Dhaka, Fri, Oct 2017

Opinion

Mahbubul Alam: gone to God, but in spirit his memory lives on

06 June 2017,Tuesday, 17:16



Sir Frank Peters

Mahbubul Alam was a consummate gentleman and a consummate professional who walked tall among the tallest. Some people are born, make their presence felt, and are never forgotten, while others drift through life as if they were invisible.

Today, Tuesday June 06, is the third anniversary of the death of former Independent editor Mahbubul Alam.

It is difficult for me to get around the fact that it’s now been three years since his passing. It seems like only yesterday his sparkling eyes peered over his gold-framed glasses and he excitedly shared with me some of the changes he had in mind for The Independent.

Some of these have come to pass – much to the benefit of The Independent and its many readers.

Mahbubul bhai was a Jack-of-all-trades and a supreme master of many. He was Editor of The Independent for 18 years and doyen of the Bangladesh newspaper industry. He also worked as minister (press) at the Bangladesh missions in Washington DC and London, and as the Bangladesh Ambassador to Bhutan. His career in journalism surpassed its Golden Anniversary of fifty years and he was also the managing director and the chief editor of state-run news agency Bangladesh Sangbad Sangstha (BSS).

Editor of The New Nation and the weekly Dialogue were additional feathers in his cap. In 2006, his rare qualities were recognized and he became an adviser to the caretaker government. He also led the Newspaper Owners’ Association of Bangladesh (NOAB) as its president until his death.

When he first told me of his illustrious history, I couldn’t resist the opportunity to say: “All that is quite impressive, but your problem is that you couldn’t hold down a job!”

He spontaneously burst into laughter, wiped tears of joy from his eyes with the restaurant tablecloth, and vowed revenge, but he was too much of a gentleman to execute his treat.

Born in Munshiganj district in 1936, the eminent senior writer began his successful journalism career in the 50’s with the internationally esteemed Associated Press and was deeply entrenched in the profession till his death on June 6, 2014 at the age of 78.

The word ‘respect’ was seemingly coined and gold-gilded in his honour. He enjoyed the respect of all as a person and professional and it’s rumoured that the Great Wall of China and his love for humanity could be seen from the moon.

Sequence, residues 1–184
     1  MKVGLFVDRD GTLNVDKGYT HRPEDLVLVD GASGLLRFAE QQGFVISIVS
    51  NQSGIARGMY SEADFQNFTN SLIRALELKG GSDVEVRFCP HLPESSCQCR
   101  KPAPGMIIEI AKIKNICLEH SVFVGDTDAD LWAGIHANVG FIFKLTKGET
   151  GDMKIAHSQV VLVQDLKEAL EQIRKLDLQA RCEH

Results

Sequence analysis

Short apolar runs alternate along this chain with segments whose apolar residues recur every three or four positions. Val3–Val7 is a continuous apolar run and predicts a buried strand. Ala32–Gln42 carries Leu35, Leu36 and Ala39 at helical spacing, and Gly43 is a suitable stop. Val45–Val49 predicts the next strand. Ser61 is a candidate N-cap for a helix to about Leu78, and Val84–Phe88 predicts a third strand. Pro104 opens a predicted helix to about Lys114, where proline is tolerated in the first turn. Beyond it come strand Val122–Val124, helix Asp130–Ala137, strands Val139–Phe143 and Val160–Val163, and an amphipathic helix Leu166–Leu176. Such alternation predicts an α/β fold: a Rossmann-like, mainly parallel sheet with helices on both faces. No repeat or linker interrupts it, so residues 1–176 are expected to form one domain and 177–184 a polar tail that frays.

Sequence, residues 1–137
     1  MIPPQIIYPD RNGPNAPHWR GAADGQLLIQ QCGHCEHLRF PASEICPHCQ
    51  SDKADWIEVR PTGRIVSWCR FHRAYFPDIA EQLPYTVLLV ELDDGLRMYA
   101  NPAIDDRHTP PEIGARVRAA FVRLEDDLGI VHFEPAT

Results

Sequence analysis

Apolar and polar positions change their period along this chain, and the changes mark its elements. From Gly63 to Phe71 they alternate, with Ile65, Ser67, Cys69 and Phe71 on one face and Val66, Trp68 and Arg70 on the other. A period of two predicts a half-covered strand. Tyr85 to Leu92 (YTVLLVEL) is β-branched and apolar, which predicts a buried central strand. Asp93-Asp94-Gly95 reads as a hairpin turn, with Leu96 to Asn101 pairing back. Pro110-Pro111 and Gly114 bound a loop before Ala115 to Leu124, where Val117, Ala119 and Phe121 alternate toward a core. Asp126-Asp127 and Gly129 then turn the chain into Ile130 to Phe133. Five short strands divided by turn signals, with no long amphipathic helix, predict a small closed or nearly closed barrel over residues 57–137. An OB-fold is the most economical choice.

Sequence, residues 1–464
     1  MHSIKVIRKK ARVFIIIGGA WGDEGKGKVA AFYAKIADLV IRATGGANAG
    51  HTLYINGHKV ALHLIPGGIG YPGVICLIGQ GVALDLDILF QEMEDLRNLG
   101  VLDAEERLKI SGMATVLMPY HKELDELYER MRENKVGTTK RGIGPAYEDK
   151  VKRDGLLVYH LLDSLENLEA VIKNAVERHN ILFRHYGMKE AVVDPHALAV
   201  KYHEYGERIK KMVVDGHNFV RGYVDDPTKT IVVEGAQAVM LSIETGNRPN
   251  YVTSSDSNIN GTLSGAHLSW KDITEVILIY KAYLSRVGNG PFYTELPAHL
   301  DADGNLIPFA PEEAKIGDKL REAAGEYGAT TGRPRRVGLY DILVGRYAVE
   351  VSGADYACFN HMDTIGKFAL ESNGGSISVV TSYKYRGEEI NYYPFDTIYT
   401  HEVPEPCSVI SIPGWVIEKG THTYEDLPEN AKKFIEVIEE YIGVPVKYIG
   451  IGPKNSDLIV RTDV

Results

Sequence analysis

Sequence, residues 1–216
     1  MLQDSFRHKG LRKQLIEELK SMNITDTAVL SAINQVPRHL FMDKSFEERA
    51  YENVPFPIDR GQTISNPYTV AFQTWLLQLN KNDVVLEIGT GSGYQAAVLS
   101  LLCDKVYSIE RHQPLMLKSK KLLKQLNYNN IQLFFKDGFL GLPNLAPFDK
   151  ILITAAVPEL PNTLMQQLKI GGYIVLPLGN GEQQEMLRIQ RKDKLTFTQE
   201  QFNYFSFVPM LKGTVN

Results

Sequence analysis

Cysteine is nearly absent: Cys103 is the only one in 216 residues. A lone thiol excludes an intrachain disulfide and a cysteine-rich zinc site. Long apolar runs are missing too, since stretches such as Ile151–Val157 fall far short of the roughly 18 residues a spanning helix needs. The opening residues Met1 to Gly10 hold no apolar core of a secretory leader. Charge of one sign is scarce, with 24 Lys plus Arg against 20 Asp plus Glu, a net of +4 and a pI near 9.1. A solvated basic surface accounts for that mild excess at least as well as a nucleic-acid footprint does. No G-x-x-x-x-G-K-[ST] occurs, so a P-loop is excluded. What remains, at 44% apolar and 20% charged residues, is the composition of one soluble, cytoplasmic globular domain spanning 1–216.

In the early days, around 1996, our getting together wasn’t a problem. Jumping into a car in Gulshan and meeting with him in his Beximco office or in a café/restaurant in Dhanmondi wasn’t a hassle. The journey only took 20-minutes in good traffic, 25-30 minutes was then considered burdensome! Then someone let loose on to the roads a swarm of ‘drivers’ who had no good driving experience, no road sense, and who thought they were driving Dodgem cars at a fairground. It became a total mess – and still is.

The appalling traffic conditions changed our social lives – and, no doubt, thousands of others. It robbed us of the spontaneity of jumping into our cars and just going to see each other on the spur of the moment. Trips had to be worked out well in advance like army manoeuvres. A one-time 20-minutes pleasant journey became two-hours on the highway to hell and that was just getting there. Then there was the return trip and the time needed there to be considered.

We didn’t allow the monstrous traffic problems to kill our socialising completely, but they certainly changed our attitudes and travel habits.

It grieves me greatly that although Mahbubul and I maintained a friendship spanning some 15-years and shared many anecdotes, teasing, and laughs together, that I knew nothing about his ill health. It was a subject never mentioned in our conversations and I was overseas when he died.

Mahbubul to me was a very quiet and unassuming man. A professional to the core, a mentor of many professionals that are still performing to the highest standards today, a doyen of the Bangladesh newspaper industry, a friend to all and probably the most approachable editor on the planet. Some people are born, make their presence felt, and are never forgotten, while others drift through life as if they were invisible. Mahbubul was a complete gentleman and a consummate professional who walked tall among the tallest. He was a giant among giants, a gentleman among gentlemen, and a pillar of society.

His death is a gigantic loss to the Bangladesh newspaper industry and nation at large. I miss him enormously and only wish that I had thanked him more often for all the advise and support he gave my anti corporal punishment in schools campaign, which he was the first to publicise. I know my admiration for him has been magnified many times over in Bangladesh and across the world.

Unfortunately, we take much for granted in life. We assume the people whom we love and admire will always be around us to love and admire and no immediate action is necessary... until it’s too late. Fortunately, for me, I expressed my gratitude and admiration to him when he was alive. Now I wish I had been more generous and given him due credit more often.

The passing of a good friend is always sad and hard to accept, but the only guarantees we have on earth are death and taxes, and these we must learn to accept and soldier on regardless.

I hope Allah has celebrated Mahbubul’s return home with great love and will embrace him eternally with Godly affection as he so richly deserves.

(Sir Frank Peters is a former newspaper and magazine publisher and editor, a humanitarian, a royal Goodwill Ambassador and a foreign friend of Bangladesh.)

 

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